Supplies of bell peppers look consistent compared to last year at this time.
“Supply has been consistent but the timing has been somewhat different due to variable weather patterns throughout the season,” says Katy Johnson of Prime Time International in Coachella, Ca. “Each growing location has been affected by weather in some way this year which has created a challenge in producing an even supply flow.”
Prime Time is currently harvesting in Oxnard, Ca. “Red peppers are still fairly plentiful while yellow and green peppers are winding down and almost finished for the season,” says Johnson. She adds that Mexico is gearing up as well and Prime Time has already begun to harvest greenhouse peppers there.
Over at Baloian Farms in Fresno, Ca., Lori Hickey says she sees supplies lightening up, particularly on graded product as it gets ready to transition to supplies out of Coachella, Ca. at the end of the month. “This is the typical transition window for California,” says Hickey. “The calendar turns to October and you can expect supplies to get lighter as cooler weather in the growing areas forces us to move to warmer areas and break into new fields.”
Photo: Prime Time International
While supplies are largely currently coming from the central coast of California including Oxnard and Hollister, Mexico is also shifting production from the central part of Mainland Mexico to the north as well as Baja, Ca.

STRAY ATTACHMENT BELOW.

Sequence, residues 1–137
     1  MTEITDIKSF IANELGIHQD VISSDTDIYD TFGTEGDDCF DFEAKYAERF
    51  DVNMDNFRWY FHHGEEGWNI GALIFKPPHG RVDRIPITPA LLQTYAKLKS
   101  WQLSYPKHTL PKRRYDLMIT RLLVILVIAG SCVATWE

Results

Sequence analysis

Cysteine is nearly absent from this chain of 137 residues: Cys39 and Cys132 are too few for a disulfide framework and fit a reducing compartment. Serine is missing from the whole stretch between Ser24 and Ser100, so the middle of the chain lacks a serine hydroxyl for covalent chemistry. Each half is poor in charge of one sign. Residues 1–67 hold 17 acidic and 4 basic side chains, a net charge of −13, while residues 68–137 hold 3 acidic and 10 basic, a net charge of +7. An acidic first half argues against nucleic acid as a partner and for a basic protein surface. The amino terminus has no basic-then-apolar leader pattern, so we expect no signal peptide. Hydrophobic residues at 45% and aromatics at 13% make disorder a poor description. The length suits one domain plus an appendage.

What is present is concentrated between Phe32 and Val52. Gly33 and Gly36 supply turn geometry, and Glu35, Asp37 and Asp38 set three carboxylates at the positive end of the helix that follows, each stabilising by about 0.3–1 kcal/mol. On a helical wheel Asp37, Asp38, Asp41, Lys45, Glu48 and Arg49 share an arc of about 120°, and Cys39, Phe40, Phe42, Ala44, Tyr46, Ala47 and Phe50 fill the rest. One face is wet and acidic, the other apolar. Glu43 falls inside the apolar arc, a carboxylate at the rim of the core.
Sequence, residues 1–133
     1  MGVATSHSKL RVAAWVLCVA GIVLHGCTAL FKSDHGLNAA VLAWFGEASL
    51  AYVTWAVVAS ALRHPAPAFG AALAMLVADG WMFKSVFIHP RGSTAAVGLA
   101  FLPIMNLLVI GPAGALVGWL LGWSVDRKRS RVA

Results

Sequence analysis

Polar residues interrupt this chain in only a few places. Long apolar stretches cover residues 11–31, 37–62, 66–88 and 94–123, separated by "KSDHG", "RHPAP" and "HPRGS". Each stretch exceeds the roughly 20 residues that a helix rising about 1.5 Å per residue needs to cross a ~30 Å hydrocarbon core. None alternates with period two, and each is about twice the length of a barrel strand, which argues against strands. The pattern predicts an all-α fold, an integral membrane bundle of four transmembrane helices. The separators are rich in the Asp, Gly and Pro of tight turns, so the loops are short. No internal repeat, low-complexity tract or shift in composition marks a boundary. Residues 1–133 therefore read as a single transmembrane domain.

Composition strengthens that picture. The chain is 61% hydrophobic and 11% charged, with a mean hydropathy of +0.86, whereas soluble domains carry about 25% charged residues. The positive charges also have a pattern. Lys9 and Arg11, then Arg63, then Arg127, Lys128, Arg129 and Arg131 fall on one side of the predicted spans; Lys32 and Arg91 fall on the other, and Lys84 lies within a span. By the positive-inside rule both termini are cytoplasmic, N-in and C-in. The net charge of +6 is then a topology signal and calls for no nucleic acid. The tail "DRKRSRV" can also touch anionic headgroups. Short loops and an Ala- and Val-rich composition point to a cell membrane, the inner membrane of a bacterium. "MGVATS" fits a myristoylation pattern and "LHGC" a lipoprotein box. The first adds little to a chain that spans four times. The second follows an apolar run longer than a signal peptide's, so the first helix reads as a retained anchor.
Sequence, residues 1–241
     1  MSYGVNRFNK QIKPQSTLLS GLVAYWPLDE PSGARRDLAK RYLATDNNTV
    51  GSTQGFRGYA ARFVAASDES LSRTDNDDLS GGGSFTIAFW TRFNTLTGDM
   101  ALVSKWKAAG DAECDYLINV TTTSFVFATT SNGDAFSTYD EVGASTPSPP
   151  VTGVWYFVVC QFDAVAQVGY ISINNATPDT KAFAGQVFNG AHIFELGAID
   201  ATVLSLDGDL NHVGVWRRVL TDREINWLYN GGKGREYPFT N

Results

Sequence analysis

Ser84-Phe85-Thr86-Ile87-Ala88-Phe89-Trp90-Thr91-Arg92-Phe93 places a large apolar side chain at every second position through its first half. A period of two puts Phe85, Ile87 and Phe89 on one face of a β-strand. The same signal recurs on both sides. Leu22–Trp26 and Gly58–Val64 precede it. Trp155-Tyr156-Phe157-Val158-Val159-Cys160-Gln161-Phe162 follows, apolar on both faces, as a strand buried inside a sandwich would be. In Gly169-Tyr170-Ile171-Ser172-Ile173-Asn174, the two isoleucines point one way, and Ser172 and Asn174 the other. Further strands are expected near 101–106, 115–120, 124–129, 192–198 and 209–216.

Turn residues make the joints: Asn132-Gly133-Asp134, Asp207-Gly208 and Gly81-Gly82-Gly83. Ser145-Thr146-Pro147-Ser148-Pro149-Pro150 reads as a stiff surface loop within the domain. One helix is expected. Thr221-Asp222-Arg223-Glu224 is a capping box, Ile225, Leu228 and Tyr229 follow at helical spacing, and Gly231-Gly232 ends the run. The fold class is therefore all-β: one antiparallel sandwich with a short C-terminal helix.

At the same time, local deals are also wrapping up. “At this time of year, the local supplies throughout the U.S. and Canada come to a halt,” says Johnson. Hickey of Baloian adds though that Georgia is the biggest competition at this time of year driving most of the Eastern production.
With the local deals slowing down, demand is picking up for product throughout the U.S. and Canada. “With the weather cooling down and people getting back to cooking, fall is a great time to promote peppers,” says Hickey.
Photo: Baloian Farms
Meanwhile pricing is on the rise. “We’ve seen some low markets this past month as some of the local deals persisted with mostly mild weather across the country,” says Hickey. “As supplies have lightened, pricing is starting to go up.”
Looking ahead, Johnson hopes the weather concerns of 2019 are behind them. “So far the weather this year has been a constant challenge from the first planting through harvest. Whether it was rain, wind, cool temperatures or extreme heat, our production team has needed to constantly stay one step ahead of the effects of nature,” she says. “The end result has been uncharacteristic ups and downs in volume that prove to be challenging for our sales and marketing team.”